This series will go through human science regarding problem-solving. As you have noticed, even if we have taken our evolutionary prerequisites into account, we have not discussed any details about team size, the teams’ location, architecture, etc. so far, but soon we will have some more knowledge about that too.
So, now we will dig deeper into some body of knowledge from human science, which gives us necessary information about of our cognitive abilities and how we can reduce complexity, that we of course need to take into account for our set of principles. There are also some laws and other common knowledge that we also need to consider for a flourishing organisation’s way of working.
Dunbar’s number  (1992): The average number of individuals* with whom a stable inter-personal (social) relationship can be maintained is 150. Roughly 150 is also mentioned as the number of progeny that can be expected in a hunter-gather community over four generations, where it is not far away to draw the conclusion, that this may be the reason for our social ability according to Dunbar’s number.
The number 15 (30 initially) : From anthropology relating to natural levels of deep trust, but also matches sympathy group size, we have the number 15.
Miller’s law (1956): The number of objects an average human can hold in working memory (part of the short-term memory) is 7+- 2. Later research is now pointing to even lower values, maybe 4, or only 3 objects . Context and domain need definitely to be taken in consideration, and when dealing with complex activities, even further research, most probably with connections to Miller’s law, shows that not more than one complex activity at a time should be handled due to the big loss of time when changing complex activities; task switch time 20% between complex activities, with up to 27 min setup time.
Ringlemann effect (social loafing)  (1913): A collective group performance required less effort by individuals compared to the sum of their individual efforts. Social loafing is less common for unique subtasks, a part of the solution of the total group task.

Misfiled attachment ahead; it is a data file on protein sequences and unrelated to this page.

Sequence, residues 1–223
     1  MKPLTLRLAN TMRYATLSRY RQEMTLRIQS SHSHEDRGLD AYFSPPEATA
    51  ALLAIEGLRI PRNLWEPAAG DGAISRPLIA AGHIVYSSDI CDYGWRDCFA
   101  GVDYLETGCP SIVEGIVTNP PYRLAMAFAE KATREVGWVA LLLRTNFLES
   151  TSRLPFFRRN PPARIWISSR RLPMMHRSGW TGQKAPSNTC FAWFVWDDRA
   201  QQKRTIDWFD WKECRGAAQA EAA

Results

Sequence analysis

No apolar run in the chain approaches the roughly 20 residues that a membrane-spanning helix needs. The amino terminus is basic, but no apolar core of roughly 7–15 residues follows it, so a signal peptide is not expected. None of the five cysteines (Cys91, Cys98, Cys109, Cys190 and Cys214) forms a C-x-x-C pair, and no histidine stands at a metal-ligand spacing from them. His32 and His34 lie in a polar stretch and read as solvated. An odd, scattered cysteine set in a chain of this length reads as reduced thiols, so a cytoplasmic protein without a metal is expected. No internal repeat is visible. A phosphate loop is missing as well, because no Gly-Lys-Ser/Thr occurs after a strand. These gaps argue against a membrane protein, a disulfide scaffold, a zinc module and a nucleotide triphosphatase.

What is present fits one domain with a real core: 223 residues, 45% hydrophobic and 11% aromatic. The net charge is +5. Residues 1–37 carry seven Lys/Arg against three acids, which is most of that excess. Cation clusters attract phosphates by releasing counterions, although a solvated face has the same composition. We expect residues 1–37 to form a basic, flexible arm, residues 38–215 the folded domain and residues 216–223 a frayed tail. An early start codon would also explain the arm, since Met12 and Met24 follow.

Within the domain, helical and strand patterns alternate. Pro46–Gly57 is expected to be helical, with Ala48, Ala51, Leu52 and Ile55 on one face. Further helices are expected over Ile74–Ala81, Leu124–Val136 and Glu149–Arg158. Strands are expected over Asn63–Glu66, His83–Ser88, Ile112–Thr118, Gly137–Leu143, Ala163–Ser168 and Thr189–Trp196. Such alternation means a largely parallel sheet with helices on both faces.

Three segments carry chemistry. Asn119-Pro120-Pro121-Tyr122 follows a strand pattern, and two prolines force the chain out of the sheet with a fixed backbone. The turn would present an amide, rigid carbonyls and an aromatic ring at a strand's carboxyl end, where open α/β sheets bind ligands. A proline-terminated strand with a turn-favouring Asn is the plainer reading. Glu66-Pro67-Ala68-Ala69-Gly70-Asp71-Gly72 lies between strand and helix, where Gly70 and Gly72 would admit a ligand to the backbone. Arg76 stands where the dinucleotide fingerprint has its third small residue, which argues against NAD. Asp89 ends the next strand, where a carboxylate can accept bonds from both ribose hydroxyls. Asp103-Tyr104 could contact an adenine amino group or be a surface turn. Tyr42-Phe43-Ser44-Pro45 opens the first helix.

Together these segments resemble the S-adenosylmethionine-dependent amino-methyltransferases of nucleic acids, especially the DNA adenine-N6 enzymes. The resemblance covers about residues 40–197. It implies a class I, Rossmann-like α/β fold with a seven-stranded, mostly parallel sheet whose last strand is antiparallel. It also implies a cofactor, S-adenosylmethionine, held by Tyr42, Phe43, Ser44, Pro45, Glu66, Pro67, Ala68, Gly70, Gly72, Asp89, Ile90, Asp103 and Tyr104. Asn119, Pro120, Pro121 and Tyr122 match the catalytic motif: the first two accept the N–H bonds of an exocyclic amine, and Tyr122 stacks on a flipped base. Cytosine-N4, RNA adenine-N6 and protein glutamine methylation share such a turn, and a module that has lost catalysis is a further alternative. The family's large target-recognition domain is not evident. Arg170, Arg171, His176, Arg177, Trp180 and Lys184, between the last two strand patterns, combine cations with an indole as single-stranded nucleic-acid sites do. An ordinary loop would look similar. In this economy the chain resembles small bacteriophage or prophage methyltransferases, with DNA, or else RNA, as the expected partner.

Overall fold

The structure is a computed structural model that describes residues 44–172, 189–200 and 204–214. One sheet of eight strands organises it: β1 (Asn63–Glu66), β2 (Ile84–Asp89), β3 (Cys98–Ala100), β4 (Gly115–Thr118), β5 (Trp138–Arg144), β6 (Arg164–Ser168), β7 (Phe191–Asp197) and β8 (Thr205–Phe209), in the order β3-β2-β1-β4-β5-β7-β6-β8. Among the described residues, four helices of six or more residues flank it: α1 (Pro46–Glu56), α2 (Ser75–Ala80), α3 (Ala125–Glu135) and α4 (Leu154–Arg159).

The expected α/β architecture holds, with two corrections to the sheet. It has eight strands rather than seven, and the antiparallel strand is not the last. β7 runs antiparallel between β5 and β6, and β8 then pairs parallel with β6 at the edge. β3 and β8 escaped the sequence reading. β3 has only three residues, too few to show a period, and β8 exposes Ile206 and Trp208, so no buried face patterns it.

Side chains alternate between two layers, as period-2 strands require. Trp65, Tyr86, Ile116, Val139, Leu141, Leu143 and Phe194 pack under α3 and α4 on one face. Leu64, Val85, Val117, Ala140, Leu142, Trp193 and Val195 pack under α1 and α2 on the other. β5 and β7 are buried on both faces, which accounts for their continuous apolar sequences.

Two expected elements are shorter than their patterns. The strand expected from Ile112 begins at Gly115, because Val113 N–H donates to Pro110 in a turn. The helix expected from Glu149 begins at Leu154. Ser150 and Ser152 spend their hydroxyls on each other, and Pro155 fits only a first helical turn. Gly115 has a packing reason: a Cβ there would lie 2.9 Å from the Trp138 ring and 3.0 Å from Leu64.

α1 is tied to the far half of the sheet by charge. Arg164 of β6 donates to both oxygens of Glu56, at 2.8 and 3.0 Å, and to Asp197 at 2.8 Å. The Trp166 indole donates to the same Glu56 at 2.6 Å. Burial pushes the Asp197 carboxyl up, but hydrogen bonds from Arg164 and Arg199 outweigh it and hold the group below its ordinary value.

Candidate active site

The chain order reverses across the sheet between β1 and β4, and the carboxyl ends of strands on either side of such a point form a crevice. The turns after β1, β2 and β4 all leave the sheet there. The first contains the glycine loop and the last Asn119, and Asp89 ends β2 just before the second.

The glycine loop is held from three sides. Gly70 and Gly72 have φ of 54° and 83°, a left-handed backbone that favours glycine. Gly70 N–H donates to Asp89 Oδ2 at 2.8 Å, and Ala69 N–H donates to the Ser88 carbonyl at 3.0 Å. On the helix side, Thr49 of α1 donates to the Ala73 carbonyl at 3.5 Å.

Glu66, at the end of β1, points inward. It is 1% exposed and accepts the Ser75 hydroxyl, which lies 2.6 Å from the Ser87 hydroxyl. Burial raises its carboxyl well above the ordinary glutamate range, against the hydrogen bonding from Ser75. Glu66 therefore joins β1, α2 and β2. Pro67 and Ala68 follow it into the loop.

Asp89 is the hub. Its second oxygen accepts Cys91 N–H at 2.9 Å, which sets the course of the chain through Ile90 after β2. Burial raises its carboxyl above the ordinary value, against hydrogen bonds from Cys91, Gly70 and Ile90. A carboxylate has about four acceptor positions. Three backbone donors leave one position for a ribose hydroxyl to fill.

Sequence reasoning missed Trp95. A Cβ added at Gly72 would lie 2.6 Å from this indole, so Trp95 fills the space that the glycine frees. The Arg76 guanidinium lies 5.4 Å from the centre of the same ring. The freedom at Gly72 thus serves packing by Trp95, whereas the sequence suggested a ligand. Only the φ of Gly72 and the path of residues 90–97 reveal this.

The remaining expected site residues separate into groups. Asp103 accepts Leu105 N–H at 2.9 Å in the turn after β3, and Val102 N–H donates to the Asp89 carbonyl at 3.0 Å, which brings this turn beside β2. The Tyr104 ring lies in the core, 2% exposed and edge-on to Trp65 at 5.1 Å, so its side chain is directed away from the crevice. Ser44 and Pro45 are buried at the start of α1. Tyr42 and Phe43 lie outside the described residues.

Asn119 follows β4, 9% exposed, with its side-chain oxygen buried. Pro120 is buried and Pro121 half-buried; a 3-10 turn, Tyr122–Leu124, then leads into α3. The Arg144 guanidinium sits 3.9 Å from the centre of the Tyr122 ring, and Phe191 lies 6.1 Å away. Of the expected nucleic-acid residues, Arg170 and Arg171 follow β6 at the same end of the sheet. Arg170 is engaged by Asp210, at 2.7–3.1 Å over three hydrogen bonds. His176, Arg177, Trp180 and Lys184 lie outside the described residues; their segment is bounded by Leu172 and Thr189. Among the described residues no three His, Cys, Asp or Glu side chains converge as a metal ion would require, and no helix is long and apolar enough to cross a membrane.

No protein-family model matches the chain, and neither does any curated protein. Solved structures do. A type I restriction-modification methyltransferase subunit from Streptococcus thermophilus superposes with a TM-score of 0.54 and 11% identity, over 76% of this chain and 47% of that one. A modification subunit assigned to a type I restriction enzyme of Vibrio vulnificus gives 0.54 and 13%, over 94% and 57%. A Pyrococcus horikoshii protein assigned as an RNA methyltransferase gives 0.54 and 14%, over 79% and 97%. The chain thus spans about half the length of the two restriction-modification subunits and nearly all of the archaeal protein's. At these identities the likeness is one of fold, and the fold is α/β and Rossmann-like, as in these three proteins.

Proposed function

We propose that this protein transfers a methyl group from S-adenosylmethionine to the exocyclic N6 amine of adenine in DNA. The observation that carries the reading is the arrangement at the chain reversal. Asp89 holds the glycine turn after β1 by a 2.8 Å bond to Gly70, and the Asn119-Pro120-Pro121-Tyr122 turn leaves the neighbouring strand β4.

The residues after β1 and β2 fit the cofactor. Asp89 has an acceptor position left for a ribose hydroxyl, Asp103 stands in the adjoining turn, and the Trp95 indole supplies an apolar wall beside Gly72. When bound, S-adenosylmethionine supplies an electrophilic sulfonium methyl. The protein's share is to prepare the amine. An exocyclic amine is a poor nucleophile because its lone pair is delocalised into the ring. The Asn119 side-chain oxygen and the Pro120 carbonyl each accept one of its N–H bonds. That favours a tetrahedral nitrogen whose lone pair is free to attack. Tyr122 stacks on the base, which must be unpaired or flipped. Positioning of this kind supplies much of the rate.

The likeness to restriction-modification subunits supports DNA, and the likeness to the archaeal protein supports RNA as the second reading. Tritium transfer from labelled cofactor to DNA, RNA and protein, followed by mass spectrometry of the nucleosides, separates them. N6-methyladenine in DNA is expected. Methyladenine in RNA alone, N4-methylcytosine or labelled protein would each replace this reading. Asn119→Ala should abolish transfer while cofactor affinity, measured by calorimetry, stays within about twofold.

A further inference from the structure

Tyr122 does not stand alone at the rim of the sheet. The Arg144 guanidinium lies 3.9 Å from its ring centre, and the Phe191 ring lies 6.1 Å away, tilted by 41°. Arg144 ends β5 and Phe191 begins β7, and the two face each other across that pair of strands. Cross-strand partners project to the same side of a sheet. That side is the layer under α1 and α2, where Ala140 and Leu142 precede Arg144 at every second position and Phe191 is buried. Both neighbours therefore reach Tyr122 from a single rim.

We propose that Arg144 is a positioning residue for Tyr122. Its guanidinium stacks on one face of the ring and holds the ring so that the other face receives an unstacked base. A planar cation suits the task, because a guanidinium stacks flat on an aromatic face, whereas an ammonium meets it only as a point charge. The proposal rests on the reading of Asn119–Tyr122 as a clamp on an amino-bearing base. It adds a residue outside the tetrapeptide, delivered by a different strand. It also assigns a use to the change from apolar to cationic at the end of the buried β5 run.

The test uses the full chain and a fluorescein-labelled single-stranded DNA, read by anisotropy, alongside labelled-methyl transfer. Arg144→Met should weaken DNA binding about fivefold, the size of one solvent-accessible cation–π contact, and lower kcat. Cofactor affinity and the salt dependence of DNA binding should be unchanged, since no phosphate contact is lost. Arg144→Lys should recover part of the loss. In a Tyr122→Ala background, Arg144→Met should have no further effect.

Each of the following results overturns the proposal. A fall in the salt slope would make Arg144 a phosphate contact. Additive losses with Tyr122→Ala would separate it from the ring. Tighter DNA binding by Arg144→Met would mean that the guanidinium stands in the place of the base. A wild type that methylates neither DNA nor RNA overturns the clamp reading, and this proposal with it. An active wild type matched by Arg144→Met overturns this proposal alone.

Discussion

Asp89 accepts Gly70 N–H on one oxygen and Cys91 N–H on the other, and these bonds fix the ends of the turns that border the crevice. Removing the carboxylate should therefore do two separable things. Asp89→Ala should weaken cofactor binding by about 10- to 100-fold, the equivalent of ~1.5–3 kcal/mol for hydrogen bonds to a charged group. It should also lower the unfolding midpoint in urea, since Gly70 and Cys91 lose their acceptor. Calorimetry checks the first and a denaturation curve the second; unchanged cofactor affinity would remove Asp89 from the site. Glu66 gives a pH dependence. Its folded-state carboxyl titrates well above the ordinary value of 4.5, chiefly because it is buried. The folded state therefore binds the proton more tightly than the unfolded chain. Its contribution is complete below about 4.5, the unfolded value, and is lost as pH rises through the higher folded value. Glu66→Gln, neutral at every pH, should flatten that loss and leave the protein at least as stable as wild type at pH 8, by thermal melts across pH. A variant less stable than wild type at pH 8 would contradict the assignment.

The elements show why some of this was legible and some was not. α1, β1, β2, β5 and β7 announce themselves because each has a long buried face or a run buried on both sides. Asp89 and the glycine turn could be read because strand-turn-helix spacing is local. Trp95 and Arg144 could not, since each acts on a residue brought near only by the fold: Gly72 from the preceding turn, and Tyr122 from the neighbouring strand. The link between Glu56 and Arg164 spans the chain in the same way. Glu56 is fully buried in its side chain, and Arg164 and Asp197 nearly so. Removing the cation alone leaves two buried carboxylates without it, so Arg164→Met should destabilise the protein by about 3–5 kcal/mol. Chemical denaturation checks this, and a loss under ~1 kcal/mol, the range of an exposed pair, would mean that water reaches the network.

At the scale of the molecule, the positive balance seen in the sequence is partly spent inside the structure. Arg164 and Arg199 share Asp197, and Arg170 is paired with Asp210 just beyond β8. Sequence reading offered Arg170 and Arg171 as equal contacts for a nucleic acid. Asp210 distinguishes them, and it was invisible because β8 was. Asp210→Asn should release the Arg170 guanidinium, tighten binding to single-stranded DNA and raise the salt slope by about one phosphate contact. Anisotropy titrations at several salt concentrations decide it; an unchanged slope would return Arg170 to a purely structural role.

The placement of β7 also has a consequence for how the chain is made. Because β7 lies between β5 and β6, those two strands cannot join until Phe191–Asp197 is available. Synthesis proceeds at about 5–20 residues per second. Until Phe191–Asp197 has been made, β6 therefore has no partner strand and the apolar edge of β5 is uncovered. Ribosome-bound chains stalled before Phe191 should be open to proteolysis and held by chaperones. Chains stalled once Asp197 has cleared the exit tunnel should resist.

Conway’s law (1967): “organizations which design systems … are constrained to produce designs which are copies of the communication structures of these organizations.”
Chinese whispers  (1964): The distortion of information, by mistake or by intermediate levels, filtering the information throughout the organisation. Strongly connected to Miller’s law, and also research by Mihaly Csikszentmihalyi  and his concept “Flow”, which we have when we are performing at our best, without distractions. Added can also be Hermann Ebinghaus’  research and his coined term “Serial Position Effect”, showing that we recall early and end list items easier then the middle ones.
“Go and See” (from Toyota Production System), “Genchi Genbutsu” in Japanese, is also very good for reducing intermediate levels, that is distorting the information for higher management.
Visualisation (ancient): A picture is better than 1000 words. To make common information visible, transparent and easy to access. But, also a necessity for us humans when we are reducing complexity; organisation charts, architectures, work-breakdown structures, time plans, etc. cannot be explained in words without massive misunderstandings.
We need to respect our people. People in the organisation are no machines and must be treated as the humans we are, which many of Deming’s quotes circulate around . If there is not respect, the symptoms will be endless with low motivation and “no care” mentality, since there is no possibility to change oneselves own situation and no way to influence the organisation (the system) to become better.
I will leave the elaboration of the above information until tomorrow’s blog post, so I am sure you have the time to digest also all the references ;-). Cu soon.
*diversity must always be considered when putting teams together.
 Dunbar, Robin. Link copied 2018-09-14. https://en.wikipedia.org/wiki/Dunbar%27s_number
 Snowden, Dave. Link to blog post copied 2018-09-14.
 Miller, George. Link copied 2018-09-14.
 Proceedings of the National Academy of Sciences of the United States of America, Rouder et al, “An assessment of fixed-capacity models of visual working memory”. Link copied 2019-02-07.
 Ringlemann, Max. Link copied 2018-09-14.
 Conway, Melvin. Link copied 2018-09-14.
 Chinese whispers. Link copied 2018-09-14.
 Csikszentmihalyi, Mihaly. Wikipedia. Link copied 2019-02-08.
 Ebbinghaus, Hermann . Wikipedia. Link copied 2019-02-08.